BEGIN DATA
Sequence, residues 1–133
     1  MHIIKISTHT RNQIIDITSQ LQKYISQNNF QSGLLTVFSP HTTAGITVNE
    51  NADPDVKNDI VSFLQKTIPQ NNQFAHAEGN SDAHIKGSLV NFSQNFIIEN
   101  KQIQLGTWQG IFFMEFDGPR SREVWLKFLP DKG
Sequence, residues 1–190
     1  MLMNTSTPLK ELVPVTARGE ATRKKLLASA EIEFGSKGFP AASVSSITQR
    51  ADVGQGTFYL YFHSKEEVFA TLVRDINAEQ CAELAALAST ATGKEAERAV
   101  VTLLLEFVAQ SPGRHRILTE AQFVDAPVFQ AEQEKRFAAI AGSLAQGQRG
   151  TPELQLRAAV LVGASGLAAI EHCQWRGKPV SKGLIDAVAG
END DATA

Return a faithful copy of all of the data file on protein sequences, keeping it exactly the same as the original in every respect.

Sequence, residues 1–133
     1  MHIIKISTHT RNQIIDITSQ LQKYISQNNF QSGLLTVFSP HTTAGITVNE
    51  NADPDVKNDI VSFLQKTIPQ NNQFAHAEGN SDAHIKGSLV NFSQNFIIEN
   101  KQIQLGTWQG IFFMEFDGPR SREVWLKFLP DKG
Sequence, residues 1–190
     1  MLMNTSTPLK ELVPVTARGE ATRKKLLASA EIEFGSKGFP AASVSSITQR
    51  ADVGQGTFYL YFHSKEEVFA TLVRDINAEQ CAELAALAST ATGKEAERAV
   101  VTLLLEFVAQ SPGRHRILTE AQFVDAPVFQ AEQEKRFAAI AGSLAQGQRG
   151  TPELQLRAAV LVGASGLAAI EHCQWRGKPV SKGLIDAVAG